4GB of storage (not 512MB; still a bit low but adequate and good for the price. Expandable via microSD, of which Amazon will sell you 16GB for $6)
512MB of RAM (are you not clear on the difference between RAM and persistent storage? A little low but fairly typical for low-end devices)
Dual-core 1GHz CPU (decidedly low for a modern phone, but only because our standards are so high; quite suitable for a cheap device)
Dual-SIM with tri-band HSPA+ (up to 42Mbps, sometimes called 4G)
Front-facing camera and LED flash for rear camera (features often omitted from the cheapest of phones)

You are full of shit. GTFO, troll.

Comment Still kind of expensive (Score 1) 43

There are lots of people in Africa who can afford an $88 smartphone, but that doesn't make it a cheap smartphone. You can find brand new Android and Windows Phone devices for under $60 right here in the US. The Android devices probably don't have too great of an update story, but that's an OEM problem and one that Google can obviously avoid. It seems like Google could easily make a device that costs less than $80, and when you're targeting the developing world, I feel like it would be a lot easier to sell a smartphone costing nearly $50 than nearly $90!

Comment Re:Better keyboard?! What. (Score 1) 432

Function is technically a meta key, but practice it triggers special OS- or even hardware-defined functions (like screen brightness controls) rather than behaving like a traditional meta key that does things like turn the S key into the Save key.

Also, a real keyboard user can always find a use for more meta keys. For example, on Windows, did you know that you can hold Shift with the arrow keys to select text as the cursor moves, Ctrl to move by words (or paragraphs, for vertical) at a time, and Ctrl+Shift together with the arrow keys to select by the word or paragraph? I use this *constantly* - I literally used it once without even realizing what I was doing while writing this very paragraph, when I decided to re-write a sentence - and it drives me nuts when I don't have it.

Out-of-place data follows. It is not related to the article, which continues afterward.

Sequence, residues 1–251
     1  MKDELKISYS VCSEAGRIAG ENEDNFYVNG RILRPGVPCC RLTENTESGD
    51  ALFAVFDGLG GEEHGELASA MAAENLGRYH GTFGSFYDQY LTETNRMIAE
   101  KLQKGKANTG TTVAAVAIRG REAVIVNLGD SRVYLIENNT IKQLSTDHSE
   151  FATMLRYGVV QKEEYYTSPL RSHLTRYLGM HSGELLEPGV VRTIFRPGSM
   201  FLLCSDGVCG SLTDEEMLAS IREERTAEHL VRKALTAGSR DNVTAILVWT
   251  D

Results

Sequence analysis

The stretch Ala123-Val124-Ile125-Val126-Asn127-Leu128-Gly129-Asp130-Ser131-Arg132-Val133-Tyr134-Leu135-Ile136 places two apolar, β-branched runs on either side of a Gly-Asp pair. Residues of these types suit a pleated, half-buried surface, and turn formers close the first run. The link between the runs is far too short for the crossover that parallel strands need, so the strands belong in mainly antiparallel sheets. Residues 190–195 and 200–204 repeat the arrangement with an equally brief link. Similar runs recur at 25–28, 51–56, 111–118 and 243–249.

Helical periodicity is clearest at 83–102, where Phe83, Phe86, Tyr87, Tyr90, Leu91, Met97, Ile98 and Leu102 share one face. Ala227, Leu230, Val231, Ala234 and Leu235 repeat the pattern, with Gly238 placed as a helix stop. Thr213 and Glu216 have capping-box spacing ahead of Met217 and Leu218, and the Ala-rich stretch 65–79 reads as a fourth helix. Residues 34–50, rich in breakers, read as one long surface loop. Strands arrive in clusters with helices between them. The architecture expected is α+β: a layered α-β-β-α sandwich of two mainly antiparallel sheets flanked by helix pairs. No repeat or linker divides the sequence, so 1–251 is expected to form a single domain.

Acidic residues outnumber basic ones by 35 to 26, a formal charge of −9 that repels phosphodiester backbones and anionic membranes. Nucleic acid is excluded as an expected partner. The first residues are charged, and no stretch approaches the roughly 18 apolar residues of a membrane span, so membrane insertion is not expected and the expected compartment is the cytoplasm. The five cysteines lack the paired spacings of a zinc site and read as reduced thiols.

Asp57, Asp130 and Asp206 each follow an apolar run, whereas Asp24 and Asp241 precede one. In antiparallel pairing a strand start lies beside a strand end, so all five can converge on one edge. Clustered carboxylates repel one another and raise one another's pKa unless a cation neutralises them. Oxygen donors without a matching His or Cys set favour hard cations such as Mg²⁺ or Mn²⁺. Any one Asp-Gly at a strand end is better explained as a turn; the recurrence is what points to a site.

With that said, I'm with you on Caps Lock. I technically use it more often than Scroll Lock, but unlike Scroll Lock (which very few laptop keyboards have anymore) it's completely replaceable with just a little user effort. But yeah, as Sowelu said, the lack of accelerator keys on Mac keyboards is fucking terrible. You can have my PgUp/PgDn/Home/End keys (and real Insert and Delete for good measure) when you pry them from my cold, dead hands.

Oh, and most 15+" non-Apple widescreen laptops have a numpad. Apple doesn't, and never has, even on their 17" laptops... which is just stupid. Without the numpad you just have a bunch of wasted space on either side of the keyboard; they put in speaker grilles there but they are neither necessary nor sufficient to produce sound quality that many non-Apple laptops achieve with much smaller speaker grilles while also making numerical entry really easy.

Comment Re:What about touch interfaces? (Score 2) 432